Saturday, February 18, 2006



By DP Mason

Shell Oil facilities in Niger have been attacked by Ijaw guerillas, cutting crude oil supplies to the world market by 15 percent.

The militia's of the Niger Delta's independence movement continues to wreak havoc on world oil markets with each successful attack, and as a result draw international media attention to their movement and to the monolopous 'rule' that international oil companies maintain over African tribes and their homelands.

Yesterday, the guerillas are claimed to have attacked a barge, blown up a pipeline, abducted US and British workers, torched an offshore platform used for loading crude oil onto international tankers, and engaged the government's security forces in armed battles.

The militias attacked the barge from four speed boats and have warned they are planning to ramp up their war on the oil industry, following airstrikes where the Niger government used helicopters to attack illegal barges militias were using to smuggle oil out of the area.

With a barrel of oil selling internationally for $60 to $70, almost triple the price three years ago, oil smuggling is a vastly profitable enterprise for independence movement militias, even when blackmarket prices might only be 20% of the international value.

The Niger government has announced it will enter negotiations with the kidnappers to have the workers freed, much to the chagrin of the US State Department, who regard such attacks on US-interest oil industry assets anywhere in the world as acts of terrorism, but they have not demanded the Niger government to cease such negotiations. The US government may not directly negotiate with terorrists, as it continually claims, but it will quietly allow other governments to negotiate on their behalf.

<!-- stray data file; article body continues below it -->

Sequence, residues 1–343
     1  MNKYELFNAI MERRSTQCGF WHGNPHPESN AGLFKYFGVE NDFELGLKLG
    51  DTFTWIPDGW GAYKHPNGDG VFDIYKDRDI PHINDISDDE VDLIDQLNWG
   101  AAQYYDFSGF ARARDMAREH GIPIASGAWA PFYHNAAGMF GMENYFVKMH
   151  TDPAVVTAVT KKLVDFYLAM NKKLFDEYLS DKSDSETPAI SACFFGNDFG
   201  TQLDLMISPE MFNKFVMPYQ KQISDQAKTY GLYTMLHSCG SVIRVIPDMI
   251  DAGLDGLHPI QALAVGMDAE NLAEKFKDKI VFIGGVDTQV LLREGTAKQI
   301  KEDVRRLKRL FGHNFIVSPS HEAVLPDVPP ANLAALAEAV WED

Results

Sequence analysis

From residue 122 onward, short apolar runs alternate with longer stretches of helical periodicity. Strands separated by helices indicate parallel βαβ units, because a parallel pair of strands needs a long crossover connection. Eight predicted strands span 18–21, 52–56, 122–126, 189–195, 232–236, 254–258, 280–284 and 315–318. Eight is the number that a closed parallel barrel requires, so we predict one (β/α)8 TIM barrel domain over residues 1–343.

No recgonised militia organisation has thus far claimed responsibility for the attack or kidnappings, though a statement was issued which read, in part, "These individuals and facilities were well guarded by a large number of soldiers who resisted for an embarrassingly short period before escaping to ensure their personal safeties."

In the past month alone, militias have kidnapped dozens of international workers (most released unharmed), have attacked more than a dozen oil facilities, blown up at least one major pipeline and killed some 22 soldiers and police in gun battles.

The Niger Delta covers some 70 thousand square kilometres of mangroves and swampland. The area is home to Africa's largest oil industry.

More than 14 million indigenous people of the Ijaw tribe call the Niger Delta home. The independence movement grows stronger by the month, and such attacks on foreign owned oil companies in Niger are strengthening the movement's calls for independent rule.